Across grades and divisions, different species of classmates are enlivening the day-to-day for their human buddies.
Olivia B. and her partner, Siena C., sat down with their computer, LEGO Robotics kit, a mission to build the “Smart Spinner” and, for Olivia, a question.
“Do we exactly know what this is going to do?” she asked.
“No,” Siena replied flatly. She sat at the screen, and of the pair was clearly more at home with the programming aspect than the LEGO building part.
“Here,” Siena said, passing the box of LEGOs to Olivia as she brought the schematic up on the screen. “You’ve got the magic touch. Why don’t you handle this part?”
It was an ordinary afternoon in Tammy Calhoun’s fourth grade class and Siena, whether deliberately or not, was being coy about her own building skills. The previous section had just finished up making interactive games and animations by writing code using an MIT program called Scratch, while their peers in class at this moment were delving deep into what had become comfortable territory: assembling the physical parts and digital instructions to make inanimate LEGOs come to life.
“When I first introduced LEGO Robotics, everything was new to the kids and everything was more difficult,” said Head of Lower School Caroline Badri. “Starting with just logging in, for example. Then the directions kids followed for building the robots weren’t nearly as elegant, and the program itself has become much more refined and user friendly. When you combine that with just how tech-savvy kids are today versus 10 years ago, it’s really impressive what they manage to do.”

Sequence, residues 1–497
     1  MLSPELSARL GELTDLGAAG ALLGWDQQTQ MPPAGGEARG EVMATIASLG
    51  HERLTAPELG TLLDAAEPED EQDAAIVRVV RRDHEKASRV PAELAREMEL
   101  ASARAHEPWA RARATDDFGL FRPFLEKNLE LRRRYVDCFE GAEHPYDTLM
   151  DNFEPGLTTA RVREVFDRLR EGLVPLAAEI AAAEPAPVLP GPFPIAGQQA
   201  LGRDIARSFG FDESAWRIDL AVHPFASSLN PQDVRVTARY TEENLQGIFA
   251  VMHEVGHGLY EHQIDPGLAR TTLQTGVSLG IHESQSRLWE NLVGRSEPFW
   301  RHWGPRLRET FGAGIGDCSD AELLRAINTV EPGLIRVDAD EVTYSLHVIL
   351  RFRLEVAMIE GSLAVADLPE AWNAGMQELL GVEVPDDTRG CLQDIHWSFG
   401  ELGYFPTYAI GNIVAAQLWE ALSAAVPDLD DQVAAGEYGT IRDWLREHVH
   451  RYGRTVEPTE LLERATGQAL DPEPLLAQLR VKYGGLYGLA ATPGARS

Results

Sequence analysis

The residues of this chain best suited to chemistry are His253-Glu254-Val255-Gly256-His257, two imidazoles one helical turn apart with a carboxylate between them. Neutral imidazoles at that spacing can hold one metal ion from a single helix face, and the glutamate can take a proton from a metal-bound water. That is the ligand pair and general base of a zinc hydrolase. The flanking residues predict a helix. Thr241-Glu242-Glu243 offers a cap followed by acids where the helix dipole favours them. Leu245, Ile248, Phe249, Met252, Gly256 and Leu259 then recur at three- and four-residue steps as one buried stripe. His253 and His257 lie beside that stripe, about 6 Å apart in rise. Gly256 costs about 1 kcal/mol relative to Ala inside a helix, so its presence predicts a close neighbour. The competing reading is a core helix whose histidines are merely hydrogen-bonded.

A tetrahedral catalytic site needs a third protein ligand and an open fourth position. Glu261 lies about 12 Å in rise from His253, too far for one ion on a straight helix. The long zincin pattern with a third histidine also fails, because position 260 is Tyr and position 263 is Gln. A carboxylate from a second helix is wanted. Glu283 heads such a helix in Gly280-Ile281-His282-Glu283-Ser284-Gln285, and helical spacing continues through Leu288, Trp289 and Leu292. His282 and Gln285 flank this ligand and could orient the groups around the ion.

And Badri was quick to point out that while there was no question as to whether or how the students would use programming knowledge in their later lives, the children were learning other, equally important lessons too.
“When you see the kids work as a team, they have to figure out how to negotiate and work with one another and collaborate to diagnose and solve the problem when something goes wrong.”
Calhoun picked up the thought.
“Many people consider coding akin to learning a language and I think that’s absolutely right,” she said. “As a teacher, you see kids working through problems on their own and my job is often to step back and just plant a seed of a possible solution, to be almost indirect when helping, because the kids can — and want to — figure it out on their own.
“Obviously what they’re doing ties in perfectly with rise of STEM and the future demand for skills like these,” Calhoun continued. However, what makes LEGO Robotics and writing programs in Scratch so much more engaging for teacher and student alike is their ability to engage the students’ creative side. So while the skills they’re learning are certainly practical, they in no way feel vocational; it’s more like engineering-meets-liberal arts.
“It can change a child’s whole mindset,” said Badri.